Consider the story of Noah’s ark. A literal interpretation misses the relevance and profound moral symbolism of the story, of the world flood and its implications for humanity.
The vital lesson of Noah’s story is the human capacity for self-destruction and the ability of one person to save the world. In our time, we possess the capability to quickly destroy creation through our nuclear power or to slowly and significantly damage our planet through waste and pollution. Like Noah’s generation, we are also able to corrupt the purpose of our existence through moral failure.
When we come to think that we or our creations are invincible, we soon find ourselves in deep water, just like the people of Noah’s generation. Even the most powerful of human beings must face their limits or be brought low.
The tale of Noah’s ark is about confronting both our power and our limitations as individuals and as society. The story is true not because it ever happened, but because it keeps on happening.
The Noah story is true, because it describes a drama we all face, generation after generation.
When we go beyond the literal sense of the text, we find meaning and relevance. When we can see our own struggles in the text, we can then take hold of the meaning of our sacred texts.
Rabbi Naftali Zvi Yehuda Berlin, an authority on the interpretation of the Hebrew Bible and a giant of 19th century Judaism, maintained that the entire Hebrew Bible “possesses the nature and the central character of poetry.” One must be aware of poetic allusions, metaphors and figurative expressions to appreciate the meaning of scripture.
How could it be any other way? Hardly a verse in the Hebrew Bible can be understood verbatim. Take the statement, “And God said.” Does God have a larynx? In what language did God speak?
To read Torah with the question, “Did it happen?” in our minds is to think of the wrong question. As Elie Wiesel has taught, “Not everything that happened is true, nor did everything that is true necessarily happen.”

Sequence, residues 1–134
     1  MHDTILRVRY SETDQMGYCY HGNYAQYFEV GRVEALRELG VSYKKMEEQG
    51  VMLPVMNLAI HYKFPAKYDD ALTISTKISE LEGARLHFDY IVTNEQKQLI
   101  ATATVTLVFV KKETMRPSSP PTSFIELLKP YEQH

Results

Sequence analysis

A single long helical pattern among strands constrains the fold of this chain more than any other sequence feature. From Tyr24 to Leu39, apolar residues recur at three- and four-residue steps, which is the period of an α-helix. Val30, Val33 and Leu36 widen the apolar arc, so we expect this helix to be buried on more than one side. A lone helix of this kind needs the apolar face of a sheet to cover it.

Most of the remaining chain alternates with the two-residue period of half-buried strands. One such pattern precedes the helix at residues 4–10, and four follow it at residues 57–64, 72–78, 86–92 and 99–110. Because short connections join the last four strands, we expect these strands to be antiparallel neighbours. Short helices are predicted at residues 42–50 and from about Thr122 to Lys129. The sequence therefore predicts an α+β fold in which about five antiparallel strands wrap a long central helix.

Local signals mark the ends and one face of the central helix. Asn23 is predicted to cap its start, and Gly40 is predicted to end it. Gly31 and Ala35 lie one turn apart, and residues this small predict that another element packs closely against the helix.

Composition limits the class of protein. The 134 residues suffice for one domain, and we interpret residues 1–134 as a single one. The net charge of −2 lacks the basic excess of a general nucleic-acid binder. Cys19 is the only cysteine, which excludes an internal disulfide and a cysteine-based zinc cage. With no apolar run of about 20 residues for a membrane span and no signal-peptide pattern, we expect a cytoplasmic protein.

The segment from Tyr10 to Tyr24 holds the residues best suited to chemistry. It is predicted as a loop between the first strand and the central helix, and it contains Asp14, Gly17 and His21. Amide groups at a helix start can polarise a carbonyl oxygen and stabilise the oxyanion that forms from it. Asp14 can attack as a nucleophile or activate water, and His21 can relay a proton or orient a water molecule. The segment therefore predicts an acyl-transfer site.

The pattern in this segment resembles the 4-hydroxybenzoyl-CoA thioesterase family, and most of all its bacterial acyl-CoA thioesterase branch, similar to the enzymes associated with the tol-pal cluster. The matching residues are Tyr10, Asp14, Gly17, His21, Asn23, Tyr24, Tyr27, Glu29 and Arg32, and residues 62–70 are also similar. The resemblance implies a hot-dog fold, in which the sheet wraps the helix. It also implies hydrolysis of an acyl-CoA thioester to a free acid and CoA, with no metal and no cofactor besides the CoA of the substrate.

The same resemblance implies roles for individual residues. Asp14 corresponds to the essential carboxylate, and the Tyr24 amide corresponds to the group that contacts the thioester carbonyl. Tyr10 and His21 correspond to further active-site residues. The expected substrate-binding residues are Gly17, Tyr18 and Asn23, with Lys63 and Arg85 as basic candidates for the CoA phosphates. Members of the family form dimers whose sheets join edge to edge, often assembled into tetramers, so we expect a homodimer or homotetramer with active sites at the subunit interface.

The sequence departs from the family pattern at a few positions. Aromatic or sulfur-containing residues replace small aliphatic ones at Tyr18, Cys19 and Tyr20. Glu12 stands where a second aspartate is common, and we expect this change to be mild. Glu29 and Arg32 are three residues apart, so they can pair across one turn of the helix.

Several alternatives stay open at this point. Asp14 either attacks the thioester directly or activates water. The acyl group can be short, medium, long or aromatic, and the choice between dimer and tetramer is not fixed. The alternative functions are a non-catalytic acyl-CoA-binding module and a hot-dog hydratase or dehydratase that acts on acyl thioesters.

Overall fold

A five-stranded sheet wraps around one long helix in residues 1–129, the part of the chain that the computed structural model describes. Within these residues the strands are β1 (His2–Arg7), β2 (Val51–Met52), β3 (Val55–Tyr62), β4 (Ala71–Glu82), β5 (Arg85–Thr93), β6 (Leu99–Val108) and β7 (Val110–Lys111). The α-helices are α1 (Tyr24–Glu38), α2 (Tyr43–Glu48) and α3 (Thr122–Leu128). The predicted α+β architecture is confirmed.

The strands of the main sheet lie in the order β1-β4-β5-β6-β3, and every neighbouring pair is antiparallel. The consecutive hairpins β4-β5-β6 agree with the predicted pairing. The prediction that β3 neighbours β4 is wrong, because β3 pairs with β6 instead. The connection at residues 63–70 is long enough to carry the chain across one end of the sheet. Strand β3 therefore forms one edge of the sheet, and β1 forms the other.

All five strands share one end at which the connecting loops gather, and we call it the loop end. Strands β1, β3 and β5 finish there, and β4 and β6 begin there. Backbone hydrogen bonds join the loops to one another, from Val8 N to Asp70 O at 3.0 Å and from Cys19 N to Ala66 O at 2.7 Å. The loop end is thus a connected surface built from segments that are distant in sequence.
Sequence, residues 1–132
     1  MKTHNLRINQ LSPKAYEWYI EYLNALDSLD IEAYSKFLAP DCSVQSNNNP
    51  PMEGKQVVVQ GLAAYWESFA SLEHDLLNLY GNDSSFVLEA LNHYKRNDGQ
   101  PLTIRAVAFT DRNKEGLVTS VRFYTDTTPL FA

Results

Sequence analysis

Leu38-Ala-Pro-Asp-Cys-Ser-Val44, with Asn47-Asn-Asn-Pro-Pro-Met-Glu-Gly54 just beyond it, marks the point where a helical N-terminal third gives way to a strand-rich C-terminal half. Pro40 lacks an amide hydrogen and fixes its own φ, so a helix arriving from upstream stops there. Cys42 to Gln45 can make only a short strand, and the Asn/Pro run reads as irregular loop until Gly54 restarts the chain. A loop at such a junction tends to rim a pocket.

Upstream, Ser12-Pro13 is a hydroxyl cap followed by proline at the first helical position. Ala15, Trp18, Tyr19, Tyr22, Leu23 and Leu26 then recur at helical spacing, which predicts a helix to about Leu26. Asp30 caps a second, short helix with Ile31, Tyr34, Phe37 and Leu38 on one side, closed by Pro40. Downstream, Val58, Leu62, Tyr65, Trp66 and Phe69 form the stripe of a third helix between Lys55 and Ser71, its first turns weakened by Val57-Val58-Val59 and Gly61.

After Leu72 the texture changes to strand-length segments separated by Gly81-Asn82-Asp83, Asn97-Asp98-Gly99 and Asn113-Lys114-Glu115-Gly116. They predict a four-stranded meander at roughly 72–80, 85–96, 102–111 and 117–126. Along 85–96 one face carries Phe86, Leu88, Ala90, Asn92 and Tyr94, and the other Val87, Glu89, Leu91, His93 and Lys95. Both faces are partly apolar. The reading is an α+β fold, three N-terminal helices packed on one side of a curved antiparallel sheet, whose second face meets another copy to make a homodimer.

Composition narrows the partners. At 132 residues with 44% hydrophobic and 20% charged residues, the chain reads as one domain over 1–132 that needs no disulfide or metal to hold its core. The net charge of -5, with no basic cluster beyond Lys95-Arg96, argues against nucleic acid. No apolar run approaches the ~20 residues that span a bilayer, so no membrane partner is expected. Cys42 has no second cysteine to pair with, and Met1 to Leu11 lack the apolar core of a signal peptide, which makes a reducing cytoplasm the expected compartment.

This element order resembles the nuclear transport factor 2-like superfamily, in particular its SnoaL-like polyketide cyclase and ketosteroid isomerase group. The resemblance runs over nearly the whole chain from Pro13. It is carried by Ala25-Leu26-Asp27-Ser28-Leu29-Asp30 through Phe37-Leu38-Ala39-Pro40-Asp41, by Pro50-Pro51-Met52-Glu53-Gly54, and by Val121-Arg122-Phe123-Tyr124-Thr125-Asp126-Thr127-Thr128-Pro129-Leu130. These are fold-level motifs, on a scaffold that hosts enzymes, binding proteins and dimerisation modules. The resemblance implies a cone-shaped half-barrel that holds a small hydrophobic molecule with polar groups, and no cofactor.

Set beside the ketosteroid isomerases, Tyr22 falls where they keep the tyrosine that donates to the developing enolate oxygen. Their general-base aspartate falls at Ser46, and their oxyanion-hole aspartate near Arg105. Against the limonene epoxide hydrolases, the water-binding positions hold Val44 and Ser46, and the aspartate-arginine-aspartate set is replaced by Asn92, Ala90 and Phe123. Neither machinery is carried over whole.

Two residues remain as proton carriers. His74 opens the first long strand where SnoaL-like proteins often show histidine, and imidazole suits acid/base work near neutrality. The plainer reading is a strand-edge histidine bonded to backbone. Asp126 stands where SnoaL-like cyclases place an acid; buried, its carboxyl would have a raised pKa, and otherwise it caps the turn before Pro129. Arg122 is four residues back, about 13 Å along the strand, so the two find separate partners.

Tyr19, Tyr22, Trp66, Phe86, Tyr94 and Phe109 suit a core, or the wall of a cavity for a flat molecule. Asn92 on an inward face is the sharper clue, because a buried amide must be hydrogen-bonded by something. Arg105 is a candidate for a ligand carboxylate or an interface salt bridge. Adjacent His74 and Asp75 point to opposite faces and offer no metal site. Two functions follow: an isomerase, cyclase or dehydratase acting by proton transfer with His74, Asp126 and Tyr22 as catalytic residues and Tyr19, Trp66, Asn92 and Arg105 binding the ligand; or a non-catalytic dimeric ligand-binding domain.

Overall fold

We all have the capacity to recognize truth in art, in movies and in plays, whether they accurately portray something that really happened or not.
Imagine that two books are lying before us. The first book was written by a Dr. Smith, an eminent ophthalmologist. It describes a complicated surgery which restored the eyesight of a Ms. Jones.
Ms. Jones is the author of the second book. In this book, Ms. Jones reports her fright, her anxiety and her pain. Then she tells of her exultation after the bandages were removed and she could see again.
Should we ask which book is the truth? Each book has a different intention and shares a different perspective. The doctor’s truth is not that of the patient. A single criterion of truth creates needless contradictions. Both are true. Similarly, there is no single true way to read scripture.
Our sacred texts are sources of truth and meaning, and we must learn to open our eyes to them.
A literal viewing of our traditional books may obscure the truths within them, or worse, cause us to turn away and not look again.
Most of us learned scripture only as children. We were taught only literal explanations.
When we grew up, we outgrew such literal fairy tales and left them tucked away with the tooth fairy and other such nonsense.
As adults, our task in reading the treasures of our traditions and in living lives based on scripture is to uncover the layers of meaning. When we study, read and meditate on our sacred words, we discover their spritual implications.
May we hold on to our sacred texts, and may they guide our lives and give meaning to all that we do.